• Russia will discuss with OPEC in June whether it’s appropriate to gradually scale back output cuts, while reiterating that any decision must be guided by the state of the market, said Energy Minister Alexander Novak. As the minister spoke to reporters at the St. Petersburg International Economic Forum on Thursday, some of Russia’s largest oil producers called for more flexibility after almost 18 months of output curbs. The cuts have achieved their goal and crude prices near $80 a barrel are high enough, said the bosses of Lukoil PJSC and Gazprom Neft PJSC.
  • China is planning to reduce import duties on consumer goods ranging from food to cosmetics, people familiar with the matter said. The tariff cuts, which would be effective as early as July 1, would apply to significantly more product lines than a similar reduction on around 200 items announced last year, said the people, who asked not to be identified as the discussions aren’t public. This week, Beijing announced the reduction of tariffs on car imports to 15 percent from 25 percent, also effective as of July 1.
  • BYD Co. won its biggest overseas order for monorail systems in an affirmation of efforts by the Chinese electric-vehicle maker to revive profit growth. The company signed a 2.5 billion-Brazilian real ($689 million) order this week to build a light transit system in Salvador, Brazil, Stella Li, a senior vice president at BYD, said in a telephone interview Thursday. The Shenzhen-based firm is also in discussions for as many as eight monorail deals in the Americas, including the U.S., and expects to nail at least two this year, Li said.
  • The European Commission formally unveiled a proposal to facilitate the development of sovereign bond-backed securities, or SBBS, as it seeks to shield Europe’s bond market from future crises in the face of German opposition to any instruments that would mutualize public debt. The plan, which comes as Italian bond yields jumped to multi-year highs, foresees the creation of securities backed by sovereign bonds from all euro-area member states according to their economic weight. The securities would be issued and bought by private investors, who would also bear the risks from losses in the underlying pool, according to the proposal.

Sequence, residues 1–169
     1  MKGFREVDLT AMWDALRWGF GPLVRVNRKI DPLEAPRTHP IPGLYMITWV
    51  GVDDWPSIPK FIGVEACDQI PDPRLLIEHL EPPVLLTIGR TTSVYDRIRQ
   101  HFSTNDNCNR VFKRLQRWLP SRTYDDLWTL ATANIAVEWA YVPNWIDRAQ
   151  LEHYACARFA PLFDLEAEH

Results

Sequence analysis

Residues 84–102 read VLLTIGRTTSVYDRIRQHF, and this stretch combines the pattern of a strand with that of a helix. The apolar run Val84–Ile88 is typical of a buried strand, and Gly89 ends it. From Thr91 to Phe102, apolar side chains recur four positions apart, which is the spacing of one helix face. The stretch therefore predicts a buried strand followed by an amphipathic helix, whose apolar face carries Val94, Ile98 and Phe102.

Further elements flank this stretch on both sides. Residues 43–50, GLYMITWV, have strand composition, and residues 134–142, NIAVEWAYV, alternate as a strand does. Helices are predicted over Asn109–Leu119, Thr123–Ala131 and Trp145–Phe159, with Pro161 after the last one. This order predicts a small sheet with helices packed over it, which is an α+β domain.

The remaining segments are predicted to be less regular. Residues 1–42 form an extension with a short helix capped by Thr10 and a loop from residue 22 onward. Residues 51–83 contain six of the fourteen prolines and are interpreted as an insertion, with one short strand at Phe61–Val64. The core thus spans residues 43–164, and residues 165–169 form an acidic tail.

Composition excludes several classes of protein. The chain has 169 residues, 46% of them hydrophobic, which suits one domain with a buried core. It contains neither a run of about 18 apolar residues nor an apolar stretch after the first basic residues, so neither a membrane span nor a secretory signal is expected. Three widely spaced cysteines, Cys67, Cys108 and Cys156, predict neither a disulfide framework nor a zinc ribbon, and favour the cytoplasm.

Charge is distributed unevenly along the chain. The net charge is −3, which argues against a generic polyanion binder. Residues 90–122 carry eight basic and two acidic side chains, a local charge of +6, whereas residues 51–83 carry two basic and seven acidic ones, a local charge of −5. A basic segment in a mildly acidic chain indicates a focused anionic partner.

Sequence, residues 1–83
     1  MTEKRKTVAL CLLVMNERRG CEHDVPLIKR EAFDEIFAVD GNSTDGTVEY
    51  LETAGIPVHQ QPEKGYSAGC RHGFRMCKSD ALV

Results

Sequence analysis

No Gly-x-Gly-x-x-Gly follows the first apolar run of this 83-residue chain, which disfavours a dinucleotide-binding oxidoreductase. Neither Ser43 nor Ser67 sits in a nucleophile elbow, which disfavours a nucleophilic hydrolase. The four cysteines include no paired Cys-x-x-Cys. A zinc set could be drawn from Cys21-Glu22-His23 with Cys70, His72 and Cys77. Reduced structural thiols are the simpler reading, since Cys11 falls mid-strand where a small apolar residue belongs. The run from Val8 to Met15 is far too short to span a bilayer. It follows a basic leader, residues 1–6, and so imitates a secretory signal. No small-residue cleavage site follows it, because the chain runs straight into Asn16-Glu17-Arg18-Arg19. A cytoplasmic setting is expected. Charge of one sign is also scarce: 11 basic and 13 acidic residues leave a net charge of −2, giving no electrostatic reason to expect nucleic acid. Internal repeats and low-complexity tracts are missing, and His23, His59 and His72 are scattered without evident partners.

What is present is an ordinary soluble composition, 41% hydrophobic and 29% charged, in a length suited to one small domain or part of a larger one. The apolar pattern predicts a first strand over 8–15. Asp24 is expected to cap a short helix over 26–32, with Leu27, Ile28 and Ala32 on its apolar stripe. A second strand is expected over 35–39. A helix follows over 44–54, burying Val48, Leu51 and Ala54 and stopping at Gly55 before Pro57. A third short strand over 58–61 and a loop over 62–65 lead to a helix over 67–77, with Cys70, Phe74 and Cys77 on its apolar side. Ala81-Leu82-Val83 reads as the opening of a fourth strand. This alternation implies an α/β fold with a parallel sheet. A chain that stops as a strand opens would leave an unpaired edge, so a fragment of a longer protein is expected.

• The reaction was swift and severe. Petrobras Chief Executive Officer Pedro Parente woke up this morning to a wave of downgrades from the same Wall Street analysts who had been praising him since he took the helm of the state-controlled oil producer two years ago. Bank of America Merrill Lynch, Morgan Stanley and Credit Suisse Group AG all cut their recommendations after Parente announced a 10 percent cut in wholesale diesel prices late Wednesday to help the government negotiate an end to a nationwide truckers strike that has wrought havoc on Latin America’s largest economy.
  • Best Buy Co. started the year on a high note, providing a boost as the retailer rolls out new offerings to grab more of its customers’ technology spending. Same-store sales in the U.S. rose 7.1 percent last quarter, more than double analysts’ estimates and the biggest first-quarter jump since 2004. Earnings in the quarter also topped projections, sending the shares up in early trading Thursday.
  • Deutsche Bank AG’s new chief executive officer is wasting no time overhauling Germany’s biggest lender more aggressively than his predecessors. Investors are wondering if it’s too little, too late. Christian Sewing has committed to cutting almost 10 percent of jobs, retrenching in costly trading businesses and effectively giving up on competing head to head with Wall Street firms. The plans so far have failed to convince: Deutsche Bank shares declined as much as 3.3 percent on Thursday and are down about 7 percent since Sewing took over from John Cryan in early April.
  • Dutch payment-processing firm Adyen BV plans an IPO in Amsterdam this year as it bets interest in the fast-growing industry will trump a dire market for new share offerings. Adyen, backed by Silicon Valley billionaires, will offer existing shares equal to about 15 percent of the total and has hired Morgan Stanley and JPMorgan Chase & Co. to coordinate the IPO, the company said in a statement on Thursday. The sale could to raise as much as 1 billion euros ($1.2 billion), valuing the company at 5 billion euros ($5.9 billion) to about 10 billion euros, Bloomberg reported earlier.
  • Magnit PJSC, Russia’s second-largest retailer, is a little less tied to the Russian government. State-run lender VTB Group sold an 11.8 percent stake to local investment firmMarathon Group, the bank announced Thursday. The parties didn’t disclose a valuation for the stake, which was worth about $1 billion at Wednesday’s Moscow closing price. VTB is to retain a 17.3 percent stake in Magnit.




*All sources from Bloomberg unless otherwise specified